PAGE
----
Unless you live in a Tibetan cave covered in snow, you've probably been inundated with Game of Thrones brouhaha ever since the final season premiered a few weeks ago. You also of course know that Diago released eight single malts branded with different Game of Thrones "houses" as a marketing tie-in with HBO, as well as a blend called The White Walker (which is pretty bad - I gave it a 60 - but if you are a GoT completist and must have it, follow the label instructions and keep it in the freezer, it's best served ice cold).
I should reveal up front that I do not watch the show and know very little about it. One thing I do know is that the LCBO has never missed an opportunity to screw up a brand launch, and so only four of the single malts have made it thus far to Ontario (the other four will be in stores here in July, but I'm not holding my breath).
This is the House of Targaryen bottling of Cardhu Gold Reserve. It has a three-headed dragon on the label so I guess this is the House with the hot dragon lady (played by Emilia Clarke). The label tells us that aligning this with Clarke's character is a tribute to Helen Cumming and her daughter-in-law Elizabeth, who ran the distillery starting in the 1880s. I don't know if the liquid within is any different from the normal Gold Reserve bottling. The bottle has been open for a couple of months. If you care, the bottle code is L8296CM014.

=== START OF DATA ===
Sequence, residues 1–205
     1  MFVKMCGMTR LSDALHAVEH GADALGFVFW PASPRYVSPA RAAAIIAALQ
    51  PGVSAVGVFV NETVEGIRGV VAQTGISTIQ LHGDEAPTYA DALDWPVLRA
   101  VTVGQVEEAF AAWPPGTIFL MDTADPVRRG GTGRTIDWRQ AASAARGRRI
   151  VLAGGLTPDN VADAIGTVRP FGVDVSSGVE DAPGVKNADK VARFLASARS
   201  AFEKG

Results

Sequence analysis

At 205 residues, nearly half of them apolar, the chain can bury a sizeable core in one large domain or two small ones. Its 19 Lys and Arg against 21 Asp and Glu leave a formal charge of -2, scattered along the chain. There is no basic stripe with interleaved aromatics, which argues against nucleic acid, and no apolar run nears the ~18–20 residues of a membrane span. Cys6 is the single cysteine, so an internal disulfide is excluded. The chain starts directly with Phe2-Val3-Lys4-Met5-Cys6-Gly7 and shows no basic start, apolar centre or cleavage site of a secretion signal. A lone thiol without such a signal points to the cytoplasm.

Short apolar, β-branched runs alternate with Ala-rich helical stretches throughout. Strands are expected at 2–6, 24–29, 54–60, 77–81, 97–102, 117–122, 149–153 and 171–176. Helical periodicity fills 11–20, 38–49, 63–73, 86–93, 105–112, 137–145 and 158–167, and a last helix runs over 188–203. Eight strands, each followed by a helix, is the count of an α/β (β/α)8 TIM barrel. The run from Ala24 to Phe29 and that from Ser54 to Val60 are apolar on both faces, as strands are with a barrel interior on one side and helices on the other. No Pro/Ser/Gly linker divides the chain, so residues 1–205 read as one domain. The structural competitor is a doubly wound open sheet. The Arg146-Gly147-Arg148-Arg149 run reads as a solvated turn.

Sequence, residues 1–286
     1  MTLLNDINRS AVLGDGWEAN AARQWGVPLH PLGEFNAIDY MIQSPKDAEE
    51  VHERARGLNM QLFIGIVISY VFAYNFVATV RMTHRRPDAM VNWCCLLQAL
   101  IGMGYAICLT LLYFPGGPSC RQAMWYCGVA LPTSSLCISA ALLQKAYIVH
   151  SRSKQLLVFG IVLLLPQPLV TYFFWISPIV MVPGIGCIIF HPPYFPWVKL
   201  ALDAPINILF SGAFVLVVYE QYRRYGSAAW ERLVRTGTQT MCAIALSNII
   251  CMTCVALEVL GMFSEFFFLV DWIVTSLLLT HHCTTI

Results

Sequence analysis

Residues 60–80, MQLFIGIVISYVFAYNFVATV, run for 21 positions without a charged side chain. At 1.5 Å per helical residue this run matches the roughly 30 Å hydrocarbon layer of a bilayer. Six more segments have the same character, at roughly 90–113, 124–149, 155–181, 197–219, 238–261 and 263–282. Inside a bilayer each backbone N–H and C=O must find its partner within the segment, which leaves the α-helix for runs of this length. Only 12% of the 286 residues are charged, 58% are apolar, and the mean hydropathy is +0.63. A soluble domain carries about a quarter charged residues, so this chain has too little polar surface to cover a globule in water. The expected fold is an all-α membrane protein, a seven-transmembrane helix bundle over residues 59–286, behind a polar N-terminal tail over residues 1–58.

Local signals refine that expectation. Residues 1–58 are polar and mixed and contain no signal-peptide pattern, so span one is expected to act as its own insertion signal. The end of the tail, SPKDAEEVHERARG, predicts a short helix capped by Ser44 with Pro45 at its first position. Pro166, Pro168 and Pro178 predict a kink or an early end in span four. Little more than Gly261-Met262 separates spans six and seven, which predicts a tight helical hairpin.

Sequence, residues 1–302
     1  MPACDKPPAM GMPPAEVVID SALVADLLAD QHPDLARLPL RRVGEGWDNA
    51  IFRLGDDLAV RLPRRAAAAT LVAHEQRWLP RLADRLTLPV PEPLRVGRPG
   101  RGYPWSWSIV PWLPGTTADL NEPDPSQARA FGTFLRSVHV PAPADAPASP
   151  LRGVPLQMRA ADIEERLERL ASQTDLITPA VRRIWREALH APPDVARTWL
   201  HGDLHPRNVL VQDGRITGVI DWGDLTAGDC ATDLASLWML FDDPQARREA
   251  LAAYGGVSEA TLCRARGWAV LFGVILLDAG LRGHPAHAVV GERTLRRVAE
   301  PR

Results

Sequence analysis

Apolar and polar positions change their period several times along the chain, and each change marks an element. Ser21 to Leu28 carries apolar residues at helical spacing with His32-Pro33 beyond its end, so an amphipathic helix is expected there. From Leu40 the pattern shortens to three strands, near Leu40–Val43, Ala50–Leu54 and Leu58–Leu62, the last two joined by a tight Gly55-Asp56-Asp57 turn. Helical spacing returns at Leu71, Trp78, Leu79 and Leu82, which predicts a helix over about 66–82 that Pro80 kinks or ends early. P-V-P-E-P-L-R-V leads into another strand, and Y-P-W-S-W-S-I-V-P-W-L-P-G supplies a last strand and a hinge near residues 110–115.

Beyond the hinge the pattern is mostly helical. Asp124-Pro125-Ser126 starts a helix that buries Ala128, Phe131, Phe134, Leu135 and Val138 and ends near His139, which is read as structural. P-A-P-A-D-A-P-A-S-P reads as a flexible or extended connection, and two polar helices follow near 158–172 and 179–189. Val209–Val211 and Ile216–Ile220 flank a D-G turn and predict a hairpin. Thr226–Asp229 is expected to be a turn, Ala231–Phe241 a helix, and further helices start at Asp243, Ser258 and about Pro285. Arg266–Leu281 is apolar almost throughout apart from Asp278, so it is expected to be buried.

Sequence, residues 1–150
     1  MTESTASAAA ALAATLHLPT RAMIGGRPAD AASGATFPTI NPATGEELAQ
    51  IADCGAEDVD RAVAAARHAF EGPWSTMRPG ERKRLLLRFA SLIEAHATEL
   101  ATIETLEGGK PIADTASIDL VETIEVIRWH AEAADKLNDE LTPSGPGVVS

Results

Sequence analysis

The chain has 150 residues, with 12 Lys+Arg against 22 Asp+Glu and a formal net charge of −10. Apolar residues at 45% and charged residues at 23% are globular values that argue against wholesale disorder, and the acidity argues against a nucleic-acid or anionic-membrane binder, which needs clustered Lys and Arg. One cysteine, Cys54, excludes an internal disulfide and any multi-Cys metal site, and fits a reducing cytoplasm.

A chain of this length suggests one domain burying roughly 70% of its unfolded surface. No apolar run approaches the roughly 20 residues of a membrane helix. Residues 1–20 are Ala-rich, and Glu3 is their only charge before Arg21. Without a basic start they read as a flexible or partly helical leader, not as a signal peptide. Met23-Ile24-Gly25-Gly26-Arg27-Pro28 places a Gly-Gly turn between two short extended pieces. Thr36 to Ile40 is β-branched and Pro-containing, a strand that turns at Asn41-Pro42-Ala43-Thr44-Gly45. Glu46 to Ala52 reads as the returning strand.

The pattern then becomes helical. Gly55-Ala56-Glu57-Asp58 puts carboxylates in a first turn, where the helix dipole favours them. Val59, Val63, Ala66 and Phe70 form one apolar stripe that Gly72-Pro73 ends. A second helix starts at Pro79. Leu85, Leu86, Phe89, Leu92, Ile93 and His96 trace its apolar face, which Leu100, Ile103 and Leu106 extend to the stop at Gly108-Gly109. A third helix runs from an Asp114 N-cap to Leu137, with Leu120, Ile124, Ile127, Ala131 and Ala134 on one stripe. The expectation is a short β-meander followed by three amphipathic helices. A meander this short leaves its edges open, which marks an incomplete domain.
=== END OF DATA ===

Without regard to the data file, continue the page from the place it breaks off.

The colour is a rich gold (ha). On the nose we have a honeyed malt with soft milk chocolate, mealy red apple, cinnamon and vanilla pods. Chocolate milkshake, maybe with a bit of butterscotch syrup drizzled on top. Water causes most of these notes to fade but it also brings out a certain nuttiness. Not terribly complex but pleasant, with a richness in the background.
On the palate we have light caramel, marzipan, a hint of cinnamon and more honey. This time we have green apple skins and orange pith. Slight hint of walnut. A bit spicier with water. Very easy and smooth, slightly sweet and malty.
The finish is a bit rough with clove, toasted oak and something herbal (like a green Chartreuse). It's a nice, easy malt to sip on (what some might call a breakfast whisky, which makes sense for this Sunday morning), but the finish needs to be a bit silkier. It's not great but I'd probably score it higher than the 12 Year Old.